The Cleveland Orchestra’s “All American” program at Severance Hall features music by two of this country’s most beloved composers: Aaron Copland and Leonard Bernstein. Bernstein’s Symphonic Suite from his original film score for the 1954 film On the Waterfront is representative of how he juggled his classical background and popular music forms throughout his career. And in his Symphony No. 3, written between 1944 and 1946, Copland injects American themes including his own Fanfare for the Common Man, composed in 1942.

The concerts will also feature contemporary composer Augusta Read Thomas’ 2008 Juggler in Paradise: Violin Concerto No. 3, with Cleveland Orchestra concertmaster William Preucil as the soloist. The orchestra’s associate conductor Brett Mitchell will be on the podium. Friday evening’s Fridays @ 7 concert will feature only the Thomas and Copland pieces.

To read the complete preview, please click here.

Preview: "Five Classical Music Events to Hit This Week"

Brett Mitchell will lead The Cleveland Orchestra in three subscription performances featuring music of Leonard Bernstein, Augusta Read Thomas, and Aaron Copland. (Photo by Roger Mastroianni)

Brett Mitchell will lead The Cleveland Orchestra in three subscription performances featuring music of Leonard Bernstein, Augusta Read Thomas, and Aaron Copland. (Photo by Roger Mastroianni)

Brett Mitchell's upcoming subscription weekend with The Cleveland Orchestra has been featured in Cleveland Scene's "Five Classical Music Events to Hit This Week":

Music by American composers Leonard Bernstein, Augusta Read Thomas, and Aaron Copland will be featured on this week’s Cleveland Orchestra concerts at Severance Hall. Concertmaster William Preucil will take the solo role in Thomas’s Violin Concerto No. 3 (”Juggler in Paradise”), and associate conductor Brett Mitchell will lead the Orchestra in Bernstein’s Symphonic Suite from “On the Waterfront” (adapted from the Marlon Brando film), and Copland’s Symphony No. 3 (where the brass suddenly break out in an episode that later became the Fanfare for the Common Man). Performances run from March 2-4 (Thursday at 7:30 pm, Friday at 7:00 pm, Saturday at 8:00 pm). The Friday performance is part of the Orchestra’s Fridays@7 series (no Bernstein, but food, drink, and entertainment before and after).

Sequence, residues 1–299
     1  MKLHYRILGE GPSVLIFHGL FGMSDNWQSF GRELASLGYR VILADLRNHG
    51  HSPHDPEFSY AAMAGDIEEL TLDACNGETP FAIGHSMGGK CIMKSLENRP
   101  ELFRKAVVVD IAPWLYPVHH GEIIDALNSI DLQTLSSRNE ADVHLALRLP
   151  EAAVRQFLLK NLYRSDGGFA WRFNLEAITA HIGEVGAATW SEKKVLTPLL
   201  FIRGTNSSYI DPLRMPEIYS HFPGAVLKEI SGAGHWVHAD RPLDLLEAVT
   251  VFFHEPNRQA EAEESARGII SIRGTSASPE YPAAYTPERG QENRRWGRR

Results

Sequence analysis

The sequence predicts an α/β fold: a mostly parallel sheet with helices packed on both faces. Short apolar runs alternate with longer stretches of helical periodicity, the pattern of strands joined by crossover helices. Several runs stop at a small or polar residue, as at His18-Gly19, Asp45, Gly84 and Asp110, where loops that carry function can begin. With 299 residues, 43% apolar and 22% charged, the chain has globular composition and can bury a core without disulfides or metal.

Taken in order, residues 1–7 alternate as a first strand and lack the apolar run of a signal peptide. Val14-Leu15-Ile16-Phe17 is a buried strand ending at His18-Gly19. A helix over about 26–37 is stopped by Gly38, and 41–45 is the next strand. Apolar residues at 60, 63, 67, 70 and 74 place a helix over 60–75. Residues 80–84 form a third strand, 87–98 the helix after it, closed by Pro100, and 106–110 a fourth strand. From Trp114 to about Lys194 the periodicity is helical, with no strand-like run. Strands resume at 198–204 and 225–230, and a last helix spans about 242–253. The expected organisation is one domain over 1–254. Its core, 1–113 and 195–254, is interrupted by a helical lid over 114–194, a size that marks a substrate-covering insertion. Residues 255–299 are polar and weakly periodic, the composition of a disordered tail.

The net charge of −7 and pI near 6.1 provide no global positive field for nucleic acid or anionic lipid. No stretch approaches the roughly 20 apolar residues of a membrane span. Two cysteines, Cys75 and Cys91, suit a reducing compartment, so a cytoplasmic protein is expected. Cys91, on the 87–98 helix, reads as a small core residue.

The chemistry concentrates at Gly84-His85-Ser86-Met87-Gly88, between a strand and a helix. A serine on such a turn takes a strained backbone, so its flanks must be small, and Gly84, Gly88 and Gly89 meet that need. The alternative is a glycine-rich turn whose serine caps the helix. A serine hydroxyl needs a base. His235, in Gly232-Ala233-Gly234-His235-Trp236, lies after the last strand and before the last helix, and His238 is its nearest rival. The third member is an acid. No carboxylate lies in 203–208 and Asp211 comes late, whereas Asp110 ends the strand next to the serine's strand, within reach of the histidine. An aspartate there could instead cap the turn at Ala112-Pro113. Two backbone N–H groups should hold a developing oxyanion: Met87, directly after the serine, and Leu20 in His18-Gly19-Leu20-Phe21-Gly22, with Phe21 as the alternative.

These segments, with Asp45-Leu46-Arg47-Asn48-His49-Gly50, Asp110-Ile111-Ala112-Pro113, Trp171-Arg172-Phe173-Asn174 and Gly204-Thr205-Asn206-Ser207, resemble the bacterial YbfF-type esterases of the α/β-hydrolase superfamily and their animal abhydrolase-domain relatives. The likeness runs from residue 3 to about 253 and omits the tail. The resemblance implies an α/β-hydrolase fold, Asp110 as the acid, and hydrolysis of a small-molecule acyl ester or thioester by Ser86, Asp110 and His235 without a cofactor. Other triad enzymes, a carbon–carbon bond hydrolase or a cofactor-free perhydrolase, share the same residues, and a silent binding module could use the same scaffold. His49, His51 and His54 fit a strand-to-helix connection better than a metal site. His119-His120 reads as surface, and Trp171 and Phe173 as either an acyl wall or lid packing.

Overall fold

To read the complete preview, please click here.

Preview: Colorado Symphony announces summer lineup

Brett Mitchell will conduct the Colorado Symphony in a sneak preview of the 2017-18 concert season—his first as its Music Director—on Saturday, July 22. (Photo by Brandon Marshall)

Brett Mitchell will conduct the Colorado Symphony in a sneak preview of the 2017-18 concert season—his first as its Music Director—on Saturday, July 22. (Photo by Brandon Marshall)

Westword (Denver) has published an article about the Colorado Symphony's 2017 summer lineup, including "a sampling of the upcoming season of works on July 22, conducted by Colorado Symphony Music Director Designate Brett Mitchell." To read this article, please click here.

Feature: "Brett Mitchell set to leave Cleveland Orchestra for Denver"

Brett Mitchell is the subject of a feature on WCPN's The Sound of Applause. (Photo by Peter Lockley)

Brett Mitchell is the subject of a feature on WCPN's The Sound of Applause. (Photo by Peter Lockley)

NPR's Cleveland affiliate, 90.3 WCPN, has published a feature about Brett Mitchell as he prepares to conclude his tenure as Associate Conductor of The Cleveland Orchestra and begin as Music Director of the Colorado Symphony:

Brett Mitchell has spent four seasons with the Cleveland Orchestra, initially as assistant and then associate conductor. He also is music director of the Cleveland Orchestra Youth Orchestra (COYO).  The Seattle native has led dozens of orchestra performances in Severance Hall, Blossom Music Center, on tour, concerts in the community, film music programs and the popular holiday concert series.  But arguably his most important role during this time has been as mentor to student musicians.